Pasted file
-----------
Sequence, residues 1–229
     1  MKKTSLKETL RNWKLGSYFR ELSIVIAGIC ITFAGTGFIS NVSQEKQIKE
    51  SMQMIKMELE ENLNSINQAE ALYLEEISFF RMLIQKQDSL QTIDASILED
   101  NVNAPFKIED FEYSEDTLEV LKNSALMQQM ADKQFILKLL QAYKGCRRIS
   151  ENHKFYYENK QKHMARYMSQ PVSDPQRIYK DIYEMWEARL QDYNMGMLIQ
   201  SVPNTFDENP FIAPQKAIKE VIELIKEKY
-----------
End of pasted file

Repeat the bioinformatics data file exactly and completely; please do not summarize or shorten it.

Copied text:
Sequence, residues 1–229
     1  MKKTSLKETL RNWKLGSYFR ELSIVIAGIC ITFAGTGFIS NVSQEKQIKE
    51  SMQMIKMELE ENLNSINQAE ALYLEEISFF RMLIQKQDSL QTIDASILED
   101  NVNAPFKIED FEYSEDTLEV LKNSALMQQM ADKQFILKLL QAYKGCRRIS
   151  ENHKFYYENK QKHMARYMSQ PVSDPQRIYK DIYEMWEARL QDYNMGMLIQ
   201  SVPNTFDENP FIAPQKAIKE VIELIKEKY